St Giles and Bastion House

Today Urban Sketchers London held a “sketch crawl” in the Barbican. So I joined them. An astonishing number and diversity of people assembled inside the entrance of the Barbican Centre at the appointed time of 11am. I counted about 35 and then another dozen or so joined. All shapes and sizes of people, tall, short, … Continue reading “St Giles and Bastion House”

This drawing took rather a long time as I stopped a couple of times. As a result, by the time I finished, the lights were coming on in the office buildings, and the sky was dark.

Click here to see my drawing of St Paul’s last year

Gloucester Cathedral

This is Gloucester Cathedral Tower from the cloisters.

It’s an amazing place. Inside there are huge Norman pillars from 1089. They seem so solid and magnificent that you’d think no-one would ever want to change them. But someone did. At the East End, there are a few pairs of pillars in a totally different style: the “perpendicular” style, which means they are fluted, like vertical clusters of pipes. This remodelling project was started in around 1330, but didn’t get far. Our guide, Rebecca, offered several explanations for why this project was stopped. There was a war with France, the start of the “Hundred Years War”. France invaded Dover and Folkestone in 1339 . And on the north border, English armies were attempting to stop Scotland from going independent. So there was a lot going on, and remodelling a cathedral might have gone down the list of economic priorities. Then, to cap it all, there was the Plague in 1347-51 which must have depleted the workforce and caused economic disruption. So best leave the Norman pillars as they are.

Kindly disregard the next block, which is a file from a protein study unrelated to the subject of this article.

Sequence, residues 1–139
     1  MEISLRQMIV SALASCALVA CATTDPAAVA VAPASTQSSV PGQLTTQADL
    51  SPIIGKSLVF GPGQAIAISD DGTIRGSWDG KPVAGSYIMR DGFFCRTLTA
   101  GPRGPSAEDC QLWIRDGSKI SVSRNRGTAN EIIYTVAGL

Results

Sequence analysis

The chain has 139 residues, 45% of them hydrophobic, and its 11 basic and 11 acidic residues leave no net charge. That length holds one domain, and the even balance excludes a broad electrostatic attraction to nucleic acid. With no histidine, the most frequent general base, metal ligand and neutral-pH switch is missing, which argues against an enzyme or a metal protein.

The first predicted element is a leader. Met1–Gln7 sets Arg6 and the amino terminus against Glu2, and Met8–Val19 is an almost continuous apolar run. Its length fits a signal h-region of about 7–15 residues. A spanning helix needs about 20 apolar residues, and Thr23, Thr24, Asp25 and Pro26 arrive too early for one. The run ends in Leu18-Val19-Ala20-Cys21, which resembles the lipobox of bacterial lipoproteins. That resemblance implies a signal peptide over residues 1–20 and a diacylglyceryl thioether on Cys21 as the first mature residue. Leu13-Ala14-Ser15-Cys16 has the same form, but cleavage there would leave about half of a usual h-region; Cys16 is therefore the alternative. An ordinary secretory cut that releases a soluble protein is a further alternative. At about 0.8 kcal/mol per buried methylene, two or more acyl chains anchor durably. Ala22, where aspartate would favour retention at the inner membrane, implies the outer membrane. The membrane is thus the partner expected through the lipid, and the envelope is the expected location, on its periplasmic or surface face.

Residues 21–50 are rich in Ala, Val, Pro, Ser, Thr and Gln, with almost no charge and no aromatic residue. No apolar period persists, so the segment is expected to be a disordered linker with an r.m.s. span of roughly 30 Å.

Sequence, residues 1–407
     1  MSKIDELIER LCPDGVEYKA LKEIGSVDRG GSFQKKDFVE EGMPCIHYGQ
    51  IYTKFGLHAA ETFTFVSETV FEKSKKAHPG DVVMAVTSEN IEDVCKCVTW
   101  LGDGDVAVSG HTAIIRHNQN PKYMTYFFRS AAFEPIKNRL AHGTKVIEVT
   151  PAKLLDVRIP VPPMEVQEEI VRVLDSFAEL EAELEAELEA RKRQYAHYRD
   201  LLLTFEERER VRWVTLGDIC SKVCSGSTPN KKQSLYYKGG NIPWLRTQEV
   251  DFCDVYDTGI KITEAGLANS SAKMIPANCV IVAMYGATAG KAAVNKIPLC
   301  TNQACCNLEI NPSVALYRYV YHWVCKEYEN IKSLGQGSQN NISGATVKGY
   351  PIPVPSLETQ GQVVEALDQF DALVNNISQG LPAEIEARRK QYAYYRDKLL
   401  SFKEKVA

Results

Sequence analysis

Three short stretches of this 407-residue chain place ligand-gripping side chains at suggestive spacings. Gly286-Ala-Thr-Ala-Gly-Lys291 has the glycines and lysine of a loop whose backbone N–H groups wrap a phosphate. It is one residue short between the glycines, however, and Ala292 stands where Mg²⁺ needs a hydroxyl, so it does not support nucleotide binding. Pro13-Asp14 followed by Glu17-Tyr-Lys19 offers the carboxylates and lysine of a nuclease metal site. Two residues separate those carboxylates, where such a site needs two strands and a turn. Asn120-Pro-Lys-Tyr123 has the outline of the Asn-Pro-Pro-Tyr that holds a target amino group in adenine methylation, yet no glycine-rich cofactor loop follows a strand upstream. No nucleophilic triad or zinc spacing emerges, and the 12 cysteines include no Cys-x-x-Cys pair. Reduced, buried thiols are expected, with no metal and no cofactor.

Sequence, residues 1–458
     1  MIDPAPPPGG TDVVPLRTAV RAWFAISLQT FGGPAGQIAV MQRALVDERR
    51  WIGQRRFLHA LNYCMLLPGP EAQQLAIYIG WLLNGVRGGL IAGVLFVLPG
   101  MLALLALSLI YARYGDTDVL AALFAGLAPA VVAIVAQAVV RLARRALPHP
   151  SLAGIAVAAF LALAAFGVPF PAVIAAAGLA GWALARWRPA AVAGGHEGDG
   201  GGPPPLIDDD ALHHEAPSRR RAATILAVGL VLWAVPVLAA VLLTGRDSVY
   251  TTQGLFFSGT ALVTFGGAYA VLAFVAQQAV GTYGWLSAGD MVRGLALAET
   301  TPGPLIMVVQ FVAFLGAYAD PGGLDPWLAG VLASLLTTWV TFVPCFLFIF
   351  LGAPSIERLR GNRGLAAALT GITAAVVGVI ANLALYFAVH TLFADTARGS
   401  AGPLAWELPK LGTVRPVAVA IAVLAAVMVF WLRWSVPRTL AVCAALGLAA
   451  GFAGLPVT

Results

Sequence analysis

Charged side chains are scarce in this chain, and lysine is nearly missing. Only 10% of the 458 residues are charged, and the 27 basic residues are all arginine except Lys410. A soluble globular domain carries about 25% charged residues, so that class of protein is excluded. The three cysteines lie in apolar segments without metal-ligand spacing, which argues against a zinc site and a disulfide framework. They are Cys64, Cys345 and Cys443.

Here are some sketches as we toured the cathedral. Thank you to Rebecca, who was a brilliant guide: patient with our questions and interruptions, and extremely knowledgeable.

It’s 1hr45mins from Paddington to Gloucester. Here are some drawings done on the train.

The drawing of the Tower was a quick pen and ink sketch, coloured later. The pen and ink took about 45 minutes. The colours are: Phthalo Turquoise (W&N), Mars Yellow (DS) and Perinone Orange (DS). Here is work in progress, including some of the drawing on the train.

Map of Gloucester Cathedral (1900):

Footnote: Concerning things that were going on in the 1330s: the Butchers Guild was granted the right to regulate the meat trade in London in 1331. See this post for a picture of the Butchers Hall:

Barts Square, Butchers’ Hall

Continuing my exploration of Barts Square, EC1, today I drew Butchers’ Hall. Butchers’ Hall is the building with the arched windows, in the centre left of the picture. It is the headquarters of The Worshipful Company of Butchers. This livery company is very old, the Arms were granted in 1540 and the charter by James … Continue reading “Barts Square, Butchers’ Hall”

Basel, February 2020

In the streets of Basel, you can hear your own footsteps.

There are fountains.

Gemsberg, Basel Old Town